The memoir The Color of Water: A Black Man's Tribute to His White Mother, written by
James McBride, is filled with deep meanings as well as thought provoking concepts and themes.
These include self-motivation, self-reliance, and repressing one’s feelings, emotions, and secrets;
all of which are demonstrated in the story of a black child named James and his white mother,
Ruth. Although the memoir is full of layers and leaves room for differences in perception and
interpretation of its ideas, one theme in particular stands out above the others: adversities as a
result of differences in race and religion. While both Ruth and James had to cope with the
struggles of racism, Ruth’s adversities were rooted in her mixed-race relationships while James
has to deal with the struggles of growing up biracial in a society where being as such is foreign
and looked down upon.
Beginning in her early childhood, Ruth never felt welcome. Her family was constantly
moving for her father’s work as a Rabbi, preventing her from having the chance to lay down
social roots and become comfortable with her new environment. She describes that she never felt
a true love for her father, mainly as a result of his sexually abusing her. It is because of this that
she did not feel emotionally welcome. She felt she was required to suppress her thoughts and
feelings. When Ruth was finally able to love and be loved, her father told her there was no point
in returning home if she married a Black man. Ruth says, “My family mourned me when I
married your father. They said kaddish and sat shiva” (McBride 1). She is clearly faced with
great opposition and hardship from her family on this matter, but it goes beyond her family.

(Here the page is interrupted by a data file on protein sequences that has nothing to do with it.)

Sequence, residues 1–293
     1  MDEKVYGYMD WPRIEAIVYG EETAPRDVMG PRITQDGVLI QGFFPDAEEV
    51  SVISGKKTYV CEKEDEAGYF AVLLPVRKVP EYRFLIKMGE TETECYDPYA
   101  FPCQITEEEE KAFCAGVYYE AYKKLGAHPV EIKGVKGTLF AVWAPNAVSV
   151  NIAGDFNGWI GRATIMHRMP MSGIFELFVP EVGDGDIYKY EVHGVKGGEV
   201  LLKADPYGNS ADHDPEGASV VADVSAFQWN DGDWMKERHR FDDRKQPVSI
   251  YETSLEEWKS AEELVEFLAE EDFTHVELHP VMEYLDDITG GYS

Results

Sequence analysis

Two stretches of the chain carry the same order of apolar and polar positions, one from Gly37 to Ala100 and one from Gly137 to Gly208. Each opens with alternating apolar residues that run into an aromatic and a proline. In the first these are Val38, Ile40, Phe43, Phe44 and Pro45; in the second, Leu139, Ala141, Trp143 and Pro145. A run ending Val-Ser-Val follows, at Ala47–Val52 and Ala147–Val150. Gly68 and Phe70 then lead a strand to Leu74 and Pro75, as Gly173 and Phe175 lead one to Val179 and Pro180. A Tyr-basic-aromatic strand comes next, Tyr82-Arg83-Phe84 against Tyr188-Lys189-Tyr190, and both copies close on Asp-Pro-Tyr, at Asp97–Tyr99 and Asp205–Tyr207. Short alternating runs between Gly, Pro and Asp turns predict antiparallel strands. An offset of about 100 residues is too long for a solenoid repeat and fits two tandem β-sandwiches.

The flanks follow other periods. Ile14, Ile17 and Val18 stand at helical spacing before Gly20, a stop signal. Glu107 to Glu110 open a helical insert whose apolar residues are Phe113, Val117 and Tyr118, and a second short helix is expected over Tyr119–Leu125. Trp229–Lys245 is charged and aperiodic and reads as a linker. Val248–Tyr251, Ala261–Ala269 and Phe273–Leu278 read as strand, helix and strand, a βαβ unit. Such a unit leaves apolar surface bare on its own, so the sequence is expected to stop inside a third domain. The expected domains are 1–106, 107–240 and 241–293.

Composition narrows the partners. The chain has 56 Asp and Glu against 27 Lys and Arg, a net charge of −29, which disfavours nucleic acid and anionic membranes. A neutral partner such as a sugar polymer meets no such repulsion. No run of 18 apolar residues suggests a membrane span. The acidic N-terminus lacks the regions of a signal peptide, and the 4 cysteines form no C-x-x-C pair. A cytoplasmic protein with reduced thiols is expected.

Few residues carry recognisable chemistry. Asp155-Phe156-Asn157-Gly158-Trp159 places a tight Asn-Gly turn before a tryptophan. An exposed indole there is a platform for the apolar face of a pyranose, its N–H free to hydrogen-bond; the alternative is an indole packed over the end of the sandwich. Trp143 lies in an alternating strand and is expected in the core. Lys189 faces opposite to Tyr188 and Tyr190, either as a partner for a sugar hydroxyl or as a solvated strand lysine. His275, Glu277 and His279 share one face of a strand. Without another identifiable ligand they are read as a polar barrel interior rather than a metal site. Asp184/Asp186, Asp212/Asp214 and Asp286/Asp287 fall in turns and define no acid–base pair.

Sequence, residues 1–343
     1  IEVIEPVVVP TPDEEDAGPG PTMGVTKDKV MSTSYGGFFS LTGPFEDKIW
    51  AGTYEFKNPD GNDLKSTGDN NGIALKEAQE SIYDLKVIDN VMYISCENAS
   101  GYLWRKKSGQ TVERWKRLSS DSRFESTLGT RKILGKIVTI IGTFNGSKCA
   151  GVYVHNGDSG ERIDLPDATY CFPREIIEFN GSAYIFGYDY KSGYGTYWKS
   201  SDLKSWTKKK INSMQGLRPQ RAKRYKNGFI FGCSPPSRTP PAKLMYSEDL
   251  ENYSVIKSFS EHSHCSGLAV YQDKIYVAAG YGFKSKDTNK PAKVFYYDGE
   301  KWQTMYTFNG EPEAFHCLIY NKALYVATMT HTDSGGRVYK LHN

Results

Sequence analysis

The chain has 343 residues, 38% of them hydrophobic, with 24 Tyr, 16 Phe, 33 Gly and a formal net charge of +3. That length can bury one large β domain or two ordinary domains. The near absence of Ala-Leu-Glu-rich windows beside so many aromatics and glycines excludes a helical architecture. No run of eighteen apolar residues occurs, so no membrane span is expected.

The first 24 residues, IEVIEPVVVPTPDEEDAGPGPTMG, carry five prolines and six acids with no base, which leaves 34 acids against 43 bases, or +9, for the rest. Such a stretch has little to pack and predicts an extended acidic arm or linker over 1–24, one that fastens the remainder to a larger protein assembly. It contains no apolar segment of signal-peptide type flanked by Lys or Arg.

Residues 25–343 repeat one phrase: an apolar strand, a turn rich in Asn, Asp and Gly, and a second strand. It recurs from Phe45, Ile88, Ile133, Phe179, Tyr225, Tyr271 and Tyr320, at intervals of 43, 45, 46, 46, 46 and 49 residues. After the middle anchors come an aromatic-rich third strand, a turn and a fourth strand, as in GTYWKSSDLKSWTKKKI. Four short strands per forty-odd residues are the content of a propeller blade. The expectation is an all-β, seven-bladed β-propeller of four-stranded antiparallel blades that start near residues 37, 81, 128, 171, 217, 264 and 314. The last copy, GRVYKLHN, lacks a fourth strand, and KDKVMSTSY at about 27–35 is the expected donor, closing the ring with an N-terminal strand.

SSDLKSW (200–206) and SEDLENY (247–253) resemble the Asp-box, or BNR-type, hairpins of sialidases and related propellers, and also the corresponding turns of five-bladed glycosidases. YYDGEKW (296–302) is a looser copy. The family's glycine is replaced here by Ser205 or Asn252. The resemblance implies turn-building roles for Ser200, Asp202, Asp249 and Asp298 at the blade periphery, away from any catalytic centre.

Because she feared the town would not accept her and Peter having a baby, she is forced to get
an abortion. It was even feared that Peter could be killed as a result of it. She and Dennis were
also attacked with bottles by a group of white people. However, Whites are not the only
disapproving party. The Blacks too find interracial relationships to be dangerous and threatening,
and thus monitoring the boundaries very closely. With her life-specifically her
relationships-under a microscope, it was extremely hard to face and overcome the adversities
associated with such a lifestyle.
Growing up Black in the mid to late 1900s was a huge challenge. Growing up biracial in
that time adds a whole new unique element. James, being a biracial child faces the worst of both
worlds. He was a victim of racism from the white community for having a dark skin tone, and
was criticized the black community for having a white mother. This caused James to become
very confused about who he was and where his place was in society. He says, “…I myself had no
idea who I was. I loved my mother yet looked nothing like her. Neither did I look like the role
models in my life” (McBride 70). He felt a societal force which left him conflicted over love for
his mother and the desire to...